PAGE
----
As I’ve occasionally come to think is the case with The Spectator, this book is perhaps best begun at the back. Otherwise it might be taken for niche history – applied historical moral philosophy, say, or an aspect of ‘the people’s war’ usually overshadowed by the manifest imperative to defeat the unparalleled evil of Nazism.
That evil, concludes Tobias Kelly, professor of political and legal anthropology at Edinburgh, has indeed ‘become the frame through which we seem to assess all evils’; but ‘the spectre of appeasement has also reared its head too often’. As a result, ‘we have been quick to get carried away with the virtue of war when confronted with wrongdoing and too ready to believe that a just measure of violence can solve the world’s problems’.
Kelly maintains that although the conscientious objectors of the second world war could sometimes be blinkered and self-important, and that we might be tempted to think of them as unable to come to terms with a cynical and brutal world, ‘they could also become passionate and committed to the ideal that violence is not inevitable’. At their best, ‘they confronted the world head on, taking it as it was, but not resigned to its fate, imagining in both hope and sorrow that things could be otherwise’.
But was their best really good enough? I recall a long conversation about his wartime pacifism with my Anglican confessor, Father Anthony Perry SSM, in the days before I crossed the Tiber. (Once on the far bank, pacifism seemed less of an issue: as Kelly reminds us, the Pope has his Swiss Guard.) As a 19-year-old, Perry had served with the Friends’ Ambulance Unit in China, no cushy number. The Quaker FAU features large in Kelly’s book. One day one of its drivers correctly refused to stop to give a Chinese soldier a lift: it would have been a breach of the Geneva Conventions. The soldier began throwing stones at the truck. The driver stopped and thumped him. Having done so, he concluded that he was not in truth a pacifist, and left the FAU to enlist in the army. This I think is an extreme case of scruple. Why should a pacifist be any more perfect than a man carrying a rifle? Confession, absolution, penance – and then carry on. But as Kelly writes, conscience is always very personal (and pity the poor tribunals whose job it was to examine it).
There is of course a difference between absolute pacifism and objection to a particular war on the grounds that the jus ad bellum have not been met. I know an officer who refused promotion to lieutenant-general for an appointment in Iraq; he no longer believed in the war and left the army. There were, says Kelly, 60,000 British ‘conchies’ in the second world war. I shouldn’t have been surprised, for I learned only recently that my own maths master, a Quaker, had gone to prison for his beliefs.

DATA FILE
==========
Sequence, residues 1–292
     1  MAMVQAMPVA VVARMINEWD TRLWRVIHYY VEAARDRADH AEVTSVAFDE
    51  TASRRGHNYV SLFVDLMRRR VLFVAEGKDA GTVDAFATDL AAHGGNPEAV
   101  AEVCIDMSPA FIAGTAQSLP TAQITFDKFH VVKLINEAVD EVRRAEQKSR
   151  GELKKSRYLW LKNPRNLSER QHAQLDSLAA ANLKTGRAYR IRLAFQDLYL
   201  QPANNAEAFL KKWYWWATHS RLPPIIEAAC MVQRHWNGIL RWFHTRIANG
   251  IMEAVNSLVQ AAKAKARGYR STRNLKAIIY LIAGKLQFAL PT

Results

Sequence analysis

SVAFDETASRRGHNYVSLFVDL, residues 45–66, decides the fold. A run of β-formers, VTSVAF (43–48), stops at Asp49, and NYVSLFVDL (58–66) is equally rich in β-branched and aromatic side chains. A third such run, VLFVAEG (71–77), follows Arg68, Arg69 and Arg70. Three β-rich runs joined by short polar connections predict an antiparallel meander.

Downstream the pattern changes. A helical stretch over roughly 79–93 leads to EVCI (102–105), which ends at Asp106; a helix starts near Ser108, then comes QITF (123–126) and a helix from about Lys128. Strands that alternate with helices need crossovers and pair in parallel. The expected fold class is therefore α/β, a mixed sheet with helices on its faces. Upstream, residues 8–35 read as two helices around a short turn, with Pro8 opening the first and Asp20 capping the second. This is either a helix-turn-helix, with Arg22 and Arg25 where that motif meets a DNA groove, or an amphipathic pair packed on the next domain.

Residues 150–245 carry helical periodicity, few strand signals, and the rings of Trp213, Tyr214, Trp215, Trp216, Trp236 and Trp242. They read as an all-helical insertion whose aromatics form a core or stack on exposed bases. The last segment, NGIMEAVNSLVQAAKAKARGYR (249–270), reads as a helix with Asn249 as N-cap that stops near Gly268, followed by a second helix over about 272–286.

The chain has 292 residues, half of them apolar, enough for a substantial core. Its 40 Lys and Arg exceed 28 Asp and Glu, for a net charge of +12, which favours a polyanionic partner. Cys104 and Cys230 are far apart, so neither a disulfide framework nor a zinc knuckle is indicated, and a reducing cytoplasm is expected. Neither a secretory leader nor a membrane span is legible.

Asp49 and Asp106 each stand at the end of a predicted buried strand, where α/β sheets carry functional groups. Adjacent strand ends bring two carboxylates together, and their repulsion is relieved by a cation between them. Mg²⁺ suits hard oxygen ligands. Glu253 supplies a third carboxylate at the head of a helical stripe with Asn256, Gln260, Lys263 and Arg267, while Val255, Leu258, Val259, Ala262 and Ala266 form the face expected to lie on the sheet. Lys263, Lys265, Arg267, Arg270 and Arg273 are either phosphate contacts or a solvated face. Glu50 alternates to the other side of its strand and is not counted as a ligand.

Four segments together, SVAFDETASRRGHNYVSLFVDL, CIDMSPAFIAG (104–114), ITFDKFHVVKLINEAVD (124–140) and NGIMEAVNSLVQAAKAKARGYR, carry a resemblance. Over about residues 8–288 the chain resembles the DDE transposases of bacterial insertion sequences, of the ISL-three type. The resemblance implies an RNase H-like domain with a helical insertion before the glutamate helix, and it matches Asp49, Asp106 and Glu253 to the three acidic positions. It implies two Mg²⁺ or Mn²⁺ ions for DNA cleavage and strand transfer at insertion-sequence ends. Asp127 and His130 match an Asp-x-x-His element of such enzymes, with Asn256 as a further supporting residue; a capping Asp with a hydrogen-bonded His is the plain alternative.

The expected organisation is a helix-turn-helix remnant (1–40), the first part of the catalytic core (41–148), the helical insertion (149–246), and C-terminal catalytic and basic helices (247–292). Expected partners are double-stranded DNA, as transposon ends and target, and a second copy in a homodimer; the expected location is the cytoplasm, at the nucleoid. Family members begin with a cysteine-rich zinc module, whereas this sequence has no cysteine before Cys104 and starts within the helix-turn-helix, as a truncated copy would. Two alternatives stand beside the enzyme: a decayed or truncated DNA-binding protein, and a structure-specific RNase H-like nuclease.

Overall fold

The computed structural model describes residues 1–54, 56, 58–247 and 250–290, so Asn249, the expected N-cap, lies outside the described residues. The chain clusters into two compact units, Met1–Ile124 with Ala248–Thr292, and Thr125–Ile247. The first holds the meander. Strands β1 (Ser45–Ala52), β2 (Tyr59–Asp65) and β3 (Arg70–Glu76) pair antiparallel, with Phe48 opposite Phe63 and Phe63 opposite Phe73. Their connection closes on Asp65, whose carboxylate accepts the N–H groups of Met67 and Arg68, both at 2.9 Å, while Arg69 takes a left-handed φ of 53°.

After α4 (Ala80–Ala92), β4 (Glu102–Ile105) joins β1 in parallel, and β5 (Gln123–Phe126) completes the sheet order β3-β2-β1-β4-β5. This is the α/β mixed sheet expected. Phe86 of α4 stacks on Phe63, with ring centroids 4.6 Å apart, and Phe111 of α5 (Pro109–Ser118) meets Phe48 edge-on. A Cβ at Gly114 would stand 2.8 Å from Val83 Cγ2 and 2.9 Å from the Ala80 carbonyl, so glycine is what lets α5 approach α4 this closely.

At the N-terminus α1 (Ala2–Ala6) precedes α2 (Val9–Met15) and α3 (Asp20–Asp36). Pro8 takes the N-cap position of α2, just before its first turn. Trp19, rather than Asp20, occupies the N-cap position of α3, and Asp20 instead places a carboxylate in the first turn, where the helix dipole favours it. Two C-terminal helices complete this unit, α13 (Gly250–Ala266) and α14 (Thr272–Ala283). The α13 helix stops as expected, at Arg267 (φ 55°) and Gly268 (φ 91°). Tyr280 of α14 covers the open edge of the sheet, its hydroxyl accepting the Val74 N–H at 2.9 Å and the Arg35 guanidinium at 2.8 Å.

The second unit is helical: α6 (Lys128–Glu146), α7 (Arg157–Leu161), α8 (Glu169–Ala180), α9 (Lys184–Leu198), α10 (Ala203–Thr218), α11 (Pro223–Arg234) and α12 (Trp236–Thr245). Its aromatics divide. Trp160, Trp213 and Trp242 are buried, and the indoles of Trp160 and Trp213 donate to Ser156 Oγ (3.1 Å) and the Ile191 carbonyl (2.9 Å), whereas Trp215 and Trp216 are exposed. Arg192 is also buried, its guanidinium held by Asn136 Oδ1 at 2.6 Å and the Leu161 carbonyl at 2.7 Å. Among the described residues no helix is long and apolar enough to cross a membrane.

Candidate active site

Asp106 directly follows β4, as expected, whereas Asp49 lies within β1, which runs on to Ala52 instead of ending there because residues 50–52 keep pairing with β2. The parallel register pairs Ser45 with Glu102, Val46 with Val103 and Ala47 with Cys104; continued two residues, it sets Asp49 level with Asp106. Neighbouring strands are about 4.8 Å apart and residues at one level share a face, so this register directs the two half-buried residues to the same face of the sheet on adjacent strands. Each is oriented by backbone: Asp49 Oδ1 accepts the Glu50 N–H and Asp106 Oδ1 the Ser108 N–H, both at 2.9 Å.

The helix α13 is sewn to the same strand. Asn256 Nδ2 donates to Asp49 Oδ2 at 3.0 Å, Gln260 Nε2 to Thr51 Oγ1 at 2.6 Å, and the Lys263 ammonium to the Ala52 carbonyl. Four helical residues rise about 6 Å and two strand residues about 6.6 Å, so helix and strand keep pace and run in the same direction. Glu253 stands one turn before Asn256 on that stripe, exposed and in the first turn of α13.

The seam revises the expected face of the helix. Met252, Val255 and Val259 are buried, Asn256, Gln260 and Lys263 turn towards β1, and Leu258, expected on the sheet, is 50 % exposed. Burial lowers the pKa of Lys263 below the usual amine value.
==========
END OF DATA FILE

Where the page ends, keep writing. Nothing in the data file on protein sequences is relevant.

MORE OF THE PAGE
Kelly chooses to examine these battles of conscience by following the experience of five very different but ordinary (perhaps I should say ‘illustrative’) people, by no means all intellectuals or religiously driven, although to expand on their particular cases he cites hundreds more, including familiar names such as Benjamin Britten, Peter Pears, Michael Tippett and W.H. Auden. Britten visited Belsen and other liberated camps in 1945 with Yehudi Menuhin, giving recitals; but, according to his biographer Paul Kildea, he saw the Holocaust not as a unique event but as ‘part of the wider logic of war and violence’. This I take to mean ‘no war, no Holocaust’. But how could Britten be sure of the consequences of inaction? Yes, if there had been no war in 1914 there would possibly, even probably, have been no war in 1939. But a principle of moral philosophy is that you can only proceed from where you find yourself, and 1939 was a very different place to 1914.
As Kelly points out, when Britten – who told Pears that what he’d seen in Germany shaped everything he’d written since – composed his War Requiem (1962), he turned to the first world war, not the second. That may have been because of Wilfred Owen’s compelling poetry. But whereas the slaughter of the first world war provokes almost universal horror in its ‘senselessness’, even ‘futility’, that of the second is always mitigated by the nobility of the cause: the extirpation of unmitigated evil. (Eisenhower’s wartime memoirs are not called Crusade in Europe for nothing.) This moral legacy of the Western Front is evident in much of the debate that Kelly examines. It was certainly so with Vera Brittain, who also features large. My mother, who met her through Winifred Holtby in the early 1930s, used to shake her head and say: ‘She simply couldn’t see it was a completely different war.’
Kelly’s charge that we may be too ready to believe that a just measure of violence can generally solve the world’s problems – ‘Give War a Chance’, the protest song of the neo-cons – is clearly one to think on. It is said that field marshal Lord Guthrie, with Sir Michael Quinlan, wrote his 2007 monograph Just War in order to rein in Tony Blair. I’ve no idea what Blair said in his thank you letter. Perhaps just: ‘It’s complicated, Charles.’ Battles of Conscience is a moving tribute to moral courage, and a scholarly memorial of more innocent times.